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Andy Bell

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CUBE CSS — Composition Utility Block Exception

Andy Bell recently shared his new CSS methodology oriented towards simplicity and consistency with “a heavy dosage of pragmatism.”

If there’s one thing you can guarantee in tech, it’s that someone, somewhere, will declare that CSS isn’t up to the job of “big projects” and what will undoubtedly be recommended by those same people will be either a JavaScript-heavy approach or some sort of all-in utility class approach like Tailwind.

The problem is, a huge number of projects are websites, so that advice normally doesn’t work for the vast majority of developers. For context, it’s estimated that WordPress powers around 36% of the internet and is still rising. Compare that to a paltry 0.3% of websites that use React, for example. It’s important to keep those figures in mind.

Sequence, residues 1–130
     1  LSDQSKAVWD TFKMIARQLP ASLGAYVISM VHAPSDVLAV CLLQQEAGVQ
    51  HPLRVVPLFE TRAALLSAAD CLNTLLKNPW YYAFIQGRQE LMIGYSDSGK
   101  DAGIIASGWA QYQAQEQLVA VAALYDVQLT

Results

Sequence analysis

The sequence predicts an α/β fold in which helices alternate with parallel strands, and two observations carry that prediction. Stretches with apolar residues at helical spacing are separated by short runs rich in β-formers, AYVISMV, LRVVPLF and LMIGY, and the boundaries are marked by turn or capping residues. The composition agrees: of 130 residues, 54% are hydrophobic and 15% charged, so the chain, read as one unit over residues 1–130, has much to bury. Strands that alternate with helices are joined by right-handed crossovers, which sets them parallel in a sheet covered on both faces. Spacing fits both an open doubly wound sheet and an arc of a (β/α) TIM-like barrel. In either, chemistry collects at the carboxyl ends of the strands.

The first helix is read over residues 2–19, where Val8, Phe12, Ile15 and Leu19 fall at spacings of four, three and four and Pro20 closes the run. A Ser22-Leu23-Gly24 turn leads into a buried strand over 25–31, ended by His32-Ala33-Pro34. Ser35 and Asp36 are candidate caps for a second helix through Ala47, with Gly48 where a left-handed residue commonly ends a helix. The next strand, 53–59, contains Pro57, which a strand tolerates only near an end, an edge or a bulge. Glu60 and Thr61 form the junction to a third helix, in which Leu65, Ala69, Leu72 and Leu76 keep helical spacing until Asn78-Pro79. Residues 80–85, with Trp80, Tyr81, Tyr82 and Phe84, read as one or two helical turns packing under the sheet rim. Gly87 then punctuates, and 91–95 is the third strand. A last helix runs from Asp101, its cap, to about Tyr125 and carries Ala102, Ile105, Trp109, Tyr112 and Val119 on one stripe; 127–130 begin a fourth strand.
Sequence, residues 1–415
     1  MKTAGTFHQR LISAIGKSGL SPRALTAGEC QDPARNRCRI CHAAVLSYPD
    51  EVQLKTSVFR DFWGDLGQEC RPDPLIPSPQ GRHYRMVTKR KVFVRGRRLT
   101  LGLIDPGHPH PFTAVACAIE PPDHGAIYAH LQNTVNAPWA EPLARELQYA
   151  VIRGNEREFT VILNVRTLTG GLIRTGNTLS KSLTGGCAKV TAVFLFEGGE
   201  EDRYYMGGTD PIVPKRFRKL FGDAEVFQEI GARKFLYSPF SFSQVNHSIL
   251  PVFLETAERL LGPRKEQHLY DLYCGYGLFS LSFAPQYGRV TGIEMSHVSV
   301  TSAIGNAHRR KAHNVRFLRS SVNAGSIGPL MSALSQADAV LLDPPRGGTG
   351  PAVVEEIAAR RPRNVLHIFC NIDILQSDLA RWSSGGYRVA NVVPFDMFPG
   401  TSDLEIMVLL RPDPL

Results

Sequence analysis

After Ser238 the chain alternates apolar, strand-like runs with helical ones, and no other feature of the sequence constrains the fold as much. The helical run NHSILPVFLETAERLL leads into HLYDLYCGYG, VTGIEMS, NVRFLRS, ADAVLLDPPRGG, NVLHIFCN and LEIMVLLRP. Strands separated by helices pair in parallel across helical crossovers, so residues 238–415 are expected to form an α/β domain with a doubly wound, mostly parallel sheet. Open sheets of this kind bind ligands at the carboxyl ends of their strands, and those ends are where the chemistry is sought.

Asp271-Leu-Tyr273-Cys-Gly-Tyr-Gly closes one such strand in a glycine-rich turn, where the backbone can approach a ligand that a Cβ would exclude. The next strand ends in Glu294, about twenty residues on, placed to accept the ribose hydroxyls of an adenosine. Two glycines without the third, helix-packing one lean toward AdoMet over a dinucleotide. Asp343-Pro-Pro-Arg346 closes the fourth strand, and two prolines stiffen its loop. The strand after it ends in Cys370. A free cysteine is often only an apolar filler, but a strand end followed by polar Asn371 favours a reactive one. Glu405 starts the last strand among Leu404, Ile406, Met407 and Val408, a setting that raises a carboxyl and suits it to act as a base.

If you’re deep in CSS, you’ll want to read the whole post. Andy goes on to explain the methodology and how he writes CSS, then wraps up saying…

This isn’t a heavily documented, complex methodology. Well, not now, anyway. It’s more of a concept method of organizing CSS just enough to not pull to far away from the “classic” way of writing it. Really, it’s more of a thinking structure.

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CSS doesn’t suck

Andy makes three compelling arguments in favor of CSS. This conversation is ever more critical as our industry grows and matures.

It’s turning into a bit of a trend—particularly in the JavaScript community—to crap on CSS wherever possible. I could lambaste those who frequently do this, but instead, I thought I’d write about CSS positively to counter the falsities that are spread over the tech tyre fire that is Twitter.

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